And finally, @aliray, I'm really curious of your source for the diet of clown plecos. I've tried googling the information, but the most reliable sources I could find all say that the wood fibers themselves are the main part of P. maccus' diet. Nowhere I looked said that the wood was only used "to aid in digestion" or "to rasp for biofilm, algae..."
    If you could provide a link, I'd love to give it a read! Thanks.

    Here are the sources I found:

    "The primary diet is driftwood, but they need to supplement their diet with vegetation, so adding algae wafers, and fresh veggies like cucumber, lettuce, etc." -Fishlore

    "A wood-eating fish, the tank should be decorated with several different types of driftwood. These fish really like to have something to chew on. Squash, cucumber, and other vegetables should be readily available to them (yams are a favourite). Supplement two to three times weekly with frozen foods." -Planet Catfish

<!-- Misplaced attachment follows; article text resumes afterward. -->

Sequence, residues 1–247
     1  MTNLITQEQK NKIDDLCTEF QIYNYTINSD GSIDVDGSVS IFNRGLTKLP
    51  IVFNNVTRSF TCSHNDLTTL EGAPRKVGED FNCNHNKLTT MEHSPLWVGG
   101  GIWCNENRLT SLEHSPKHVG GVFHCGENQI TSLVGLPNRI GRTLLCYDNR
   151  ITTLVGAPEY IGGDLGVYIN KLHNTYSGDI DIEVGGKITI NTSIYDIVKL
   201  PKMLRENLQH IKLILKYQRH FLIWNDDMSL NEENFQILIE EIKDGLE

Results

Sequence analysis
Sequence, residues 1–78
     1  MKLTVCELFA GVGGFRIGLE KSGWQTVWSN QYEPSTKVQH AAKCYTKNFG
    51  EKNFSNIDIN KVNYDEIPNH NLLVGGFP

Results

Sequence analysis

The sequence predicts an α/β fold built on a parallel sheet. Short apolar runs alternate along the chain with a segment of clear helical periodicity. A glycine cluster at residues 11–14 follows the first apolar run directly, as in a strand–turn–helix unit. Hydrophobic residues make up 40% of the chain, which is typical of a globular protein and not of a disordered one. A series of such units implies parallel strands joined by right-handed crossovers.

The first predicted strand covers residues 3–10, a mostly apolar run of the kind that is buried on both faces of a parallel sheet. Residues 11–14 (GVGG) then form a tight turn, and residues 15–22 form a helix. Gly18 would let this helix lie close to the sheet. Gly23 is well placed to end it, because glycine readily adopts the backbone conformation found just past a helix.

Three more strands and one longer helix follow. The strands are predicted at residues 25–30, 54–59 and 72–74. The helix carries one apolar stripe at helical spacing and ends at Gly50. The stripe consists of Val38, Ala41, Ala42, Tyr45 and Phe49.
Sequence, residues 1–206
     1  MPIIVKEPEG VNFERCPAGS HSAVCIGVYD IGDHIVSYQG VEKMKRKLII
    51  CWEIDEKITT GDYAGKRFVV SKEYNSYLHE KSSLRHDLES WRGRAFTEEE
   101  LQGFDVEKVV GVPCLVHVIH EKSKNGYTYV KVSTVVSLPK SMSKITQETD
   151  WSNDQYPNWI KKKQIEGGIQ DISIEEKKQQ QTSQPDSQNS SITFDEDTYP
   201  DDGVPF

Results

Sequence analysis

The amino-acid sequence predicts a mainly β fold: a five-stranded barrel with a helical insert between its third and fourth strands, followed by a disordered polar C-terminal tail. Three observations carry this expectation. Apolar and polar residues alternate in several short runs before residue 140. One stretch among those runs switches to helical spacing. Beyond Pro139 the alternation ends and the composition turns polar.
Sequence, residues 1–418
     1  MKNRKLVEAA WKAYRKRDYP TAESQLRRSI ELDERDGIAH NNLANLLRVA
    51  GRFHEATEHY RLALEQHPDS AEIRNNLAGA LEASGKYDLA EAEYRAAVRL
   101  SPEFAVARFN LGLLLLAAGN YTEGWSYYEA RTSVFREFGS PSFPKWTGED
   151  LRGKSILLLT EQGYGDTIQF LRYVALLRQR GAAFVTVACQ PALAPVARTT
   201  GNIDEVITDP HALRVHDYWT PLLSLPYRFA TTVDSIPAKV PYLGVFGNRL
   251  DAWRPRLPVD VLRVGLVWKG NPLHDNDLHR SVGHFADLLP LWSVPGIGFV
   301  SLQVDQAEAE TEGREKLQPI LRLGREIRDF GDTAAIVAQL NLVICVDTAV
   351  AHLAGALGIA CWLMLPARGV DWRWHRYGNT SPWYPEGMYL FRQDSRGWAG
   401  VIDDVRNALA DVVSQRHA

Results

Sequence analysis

"The Clown is a wood eater, so driftwood is a must...vegetables (zucchini, cucumbers, sweet potato, etc.) are required. Sinking pellets as well as algae and vegetable wafers should also be fed to this fish." - Badmans Tropical Fish

    "The Clown pleco should never be kept in an aquarium without wood since it is a wood eating species. Ideally include several types of wood in the set up... Do not force your Clown pleco to rely on natural algae growth only; always supplement with algae based prepared foods." - Aquatic Community

  6. DoubleDutchFishlore LegendMember

    To be honest I love it when animals / fish show their natural behaviour in the enclosure we put them in. It's just a good sign.
    Strange thing is lots of people just want them to behave unnatural and if they don't will consider to get rid of them.